Monday, June 21, 2010

Gridlock, Deficits, and an Election Year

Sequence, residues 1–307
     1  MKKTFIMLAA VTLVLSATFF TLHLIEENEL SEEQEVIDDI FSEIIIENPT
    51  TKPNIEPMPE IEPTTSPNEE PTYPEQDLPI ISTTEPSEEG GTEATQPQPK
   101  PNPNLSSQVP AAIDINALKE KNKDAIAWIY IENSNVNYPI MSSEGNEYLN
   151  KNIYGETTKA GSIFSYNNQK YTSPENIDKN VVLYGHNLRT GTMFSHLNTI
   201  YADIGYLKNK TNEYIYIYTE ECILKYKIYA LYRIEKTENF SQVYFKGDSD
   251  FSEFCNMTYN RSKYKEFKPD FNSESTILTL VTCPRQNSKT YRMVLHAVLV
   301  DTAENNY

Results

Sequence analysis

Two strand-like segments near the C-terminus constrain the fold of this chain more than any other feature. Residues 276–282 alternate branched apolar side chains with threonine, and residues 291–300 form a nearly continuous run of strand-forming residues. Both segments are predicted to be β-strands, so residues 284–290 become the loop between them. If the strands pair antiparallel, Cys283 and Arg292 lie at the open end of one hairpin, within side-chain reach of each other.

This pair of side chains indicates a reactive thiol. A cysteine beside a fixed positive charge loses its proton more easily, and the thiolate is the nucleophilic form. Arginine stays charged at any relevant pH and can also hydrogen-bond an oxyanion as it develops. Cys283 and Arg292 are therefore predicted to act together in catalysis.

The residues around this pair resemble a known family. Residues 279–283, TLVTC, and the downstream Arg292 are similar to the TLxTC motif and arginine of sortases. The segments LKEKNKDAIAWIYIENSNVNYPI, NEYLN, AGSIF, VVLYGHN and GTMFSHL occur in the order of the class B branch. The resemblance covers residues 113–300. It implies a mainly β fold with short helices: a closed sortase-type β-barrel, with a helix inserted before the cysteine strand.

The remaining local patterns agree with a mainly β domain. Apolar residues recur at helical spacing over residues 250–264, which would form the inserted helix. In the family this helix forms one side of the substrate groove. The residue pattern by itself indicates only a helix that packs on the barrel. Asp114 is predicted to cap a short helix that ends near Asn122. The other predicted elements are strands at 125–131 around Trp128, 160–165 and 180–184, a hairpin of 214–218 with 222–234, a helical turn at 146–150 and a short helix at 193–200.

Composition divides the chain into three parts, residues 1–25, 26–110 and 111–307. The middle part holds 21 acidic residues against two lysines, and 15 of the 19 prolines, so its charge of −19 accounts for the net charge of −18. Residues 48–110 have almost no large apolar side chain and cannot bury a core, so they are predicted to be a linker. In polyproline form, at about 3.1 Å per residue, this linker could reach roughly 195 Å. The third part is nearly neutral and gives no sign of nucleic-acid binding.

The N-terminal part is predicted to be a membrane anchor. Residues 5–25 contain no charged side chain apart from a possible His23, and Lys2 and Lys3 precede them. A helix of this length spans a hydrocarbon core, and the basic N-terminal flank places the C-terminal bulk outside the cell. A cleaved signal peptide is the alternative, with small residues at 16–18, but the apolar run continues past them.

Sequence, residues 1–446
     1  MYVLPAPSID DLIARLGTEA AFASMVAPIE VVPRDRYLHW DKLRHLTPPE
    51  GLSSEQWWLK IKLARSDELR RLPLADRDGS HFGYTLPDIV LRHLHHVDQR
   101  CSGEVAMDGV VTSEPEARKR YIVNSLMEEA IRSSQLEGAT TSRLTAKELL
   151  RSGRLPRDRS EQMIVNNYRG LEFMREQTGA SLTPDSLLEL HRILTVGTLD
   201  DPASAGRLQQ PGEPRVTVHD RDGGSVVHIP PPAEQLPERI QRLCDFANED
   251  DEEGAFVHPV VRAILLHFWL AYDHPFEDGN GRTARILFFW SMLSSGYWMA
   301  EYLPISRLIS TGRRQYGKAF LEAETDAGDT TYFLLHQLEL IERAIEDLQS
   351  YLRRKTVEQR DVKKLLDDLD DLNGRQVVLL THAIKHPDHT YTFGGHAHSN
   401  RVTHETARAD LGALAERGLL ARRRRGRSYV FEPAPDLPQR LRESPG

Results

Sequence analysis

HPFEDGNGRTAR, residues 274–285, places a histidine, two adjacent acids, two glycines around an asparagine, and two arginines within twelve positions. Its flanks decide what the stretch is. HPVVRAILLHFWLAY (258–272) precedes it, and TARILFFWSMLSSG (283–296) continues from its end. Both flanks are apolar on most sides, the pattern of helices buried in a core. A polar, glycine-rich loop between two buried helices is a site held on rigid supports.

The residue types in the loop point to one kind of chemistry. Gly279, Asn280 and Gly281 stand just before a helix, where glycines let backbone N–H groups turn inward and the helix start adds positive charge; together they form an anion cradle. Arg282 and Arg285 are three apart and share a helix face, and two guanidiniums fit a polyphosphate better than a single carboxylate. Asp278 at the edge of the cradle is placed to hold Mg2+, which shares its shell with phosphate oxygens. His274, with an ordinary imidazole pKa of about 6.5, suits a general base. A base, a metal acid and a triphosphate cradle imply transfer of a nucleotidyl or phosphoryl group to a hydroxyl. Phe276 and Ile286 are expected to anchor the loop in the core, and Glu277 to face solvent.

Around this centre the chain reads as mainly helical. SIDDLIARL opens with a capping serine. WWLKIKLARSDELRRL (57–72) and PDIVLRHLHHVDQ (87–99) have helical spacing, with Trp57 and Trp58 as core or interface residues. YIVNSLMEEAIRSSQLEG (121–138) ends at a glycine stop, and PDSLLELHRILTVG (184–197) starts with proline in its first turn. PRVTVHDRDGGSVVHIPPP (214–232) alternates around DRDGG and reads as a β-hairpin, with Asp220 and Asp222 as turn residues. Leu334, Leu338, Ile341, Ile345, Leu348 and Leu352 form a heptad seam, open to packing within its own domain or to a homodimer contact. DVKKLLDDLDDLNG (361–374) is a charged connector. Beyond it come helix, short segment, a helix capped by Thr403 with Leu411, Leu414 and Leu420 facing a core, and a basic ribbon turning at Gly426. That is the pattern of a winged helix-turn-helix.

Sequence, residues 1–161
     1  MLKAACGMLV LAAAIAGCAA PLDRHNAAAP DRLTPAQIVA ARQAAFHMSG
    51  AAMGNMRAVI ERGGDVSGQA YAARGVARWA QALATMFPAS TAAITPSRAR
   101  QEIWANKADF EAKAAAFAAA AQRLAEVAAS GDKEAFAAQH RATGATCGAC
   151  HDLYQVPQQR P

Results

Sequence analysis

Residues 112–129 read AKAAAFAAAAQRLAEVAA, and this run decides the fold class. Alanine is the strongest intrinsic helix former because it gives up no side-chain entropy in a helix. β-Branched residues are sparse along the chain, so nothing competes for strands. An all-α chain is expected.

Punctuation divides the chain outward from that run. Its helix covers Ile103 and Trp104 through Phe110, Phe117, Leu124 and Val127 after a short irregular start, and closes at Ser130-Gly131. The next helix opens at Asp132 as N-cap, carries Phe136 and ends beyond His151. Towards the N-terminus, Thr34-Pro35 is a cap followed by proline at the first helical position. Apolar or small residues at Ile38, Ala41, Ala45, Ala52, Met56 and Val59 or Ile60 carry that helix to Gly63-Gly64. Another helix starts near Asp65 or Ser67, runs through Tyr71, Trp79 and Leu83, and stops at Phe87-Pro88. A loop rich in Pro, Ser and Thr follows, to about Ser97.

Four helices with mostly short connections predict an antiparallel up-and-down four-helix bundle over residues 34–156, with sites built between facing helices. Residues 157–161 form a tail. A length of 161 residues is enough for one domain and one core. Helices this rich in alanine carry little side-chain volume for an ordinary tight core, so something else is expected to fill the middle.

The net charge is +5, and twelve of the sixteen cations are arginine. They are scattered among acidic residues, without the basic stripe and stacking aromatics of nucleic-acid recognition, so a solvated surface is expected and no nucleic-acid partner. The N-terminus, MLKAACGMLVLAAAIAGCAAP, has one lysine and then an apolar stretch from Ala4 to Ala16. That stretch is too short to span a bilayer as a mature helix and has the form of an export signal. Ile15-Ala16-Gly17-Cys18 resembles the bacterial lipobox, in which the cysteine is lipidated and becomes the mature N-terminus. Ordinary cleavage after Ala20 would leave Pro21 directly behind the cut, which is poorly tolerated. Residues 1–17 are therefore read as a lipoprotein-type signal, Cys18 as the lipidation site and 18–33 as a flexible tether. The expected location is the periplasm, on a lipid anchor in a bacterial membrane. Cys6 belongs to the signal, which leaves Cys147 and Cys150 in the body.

I spent much of last week on policy issues trying to poke holes in my own assertions that Washington has all but shut down already for the rest of the year as it pertains to major legislation such as energy/climate, financial reform, and tax policy. Unfortunately I'm now back in Columbus with little evidence to the contrary. Today's piece in The Politico reinforces the Senate's lack of appitite for any more monster initiatives and spending. The key challenge is that there are plenty of smaller, inexpensive or non-spending measure bills out there that could pass, but leadership's insistence on packaging these items into massive, monster-bills with ever-ballooning price tags seems likely to submarine several good ideas. All that being said, I also left D.C. wary of what we might see come up during the Senate's "lame-duck" session after the November elections. These are always unpredictable sessions, and there could be several key Senators no longer with constituencies to worry about pleasing with these votes.

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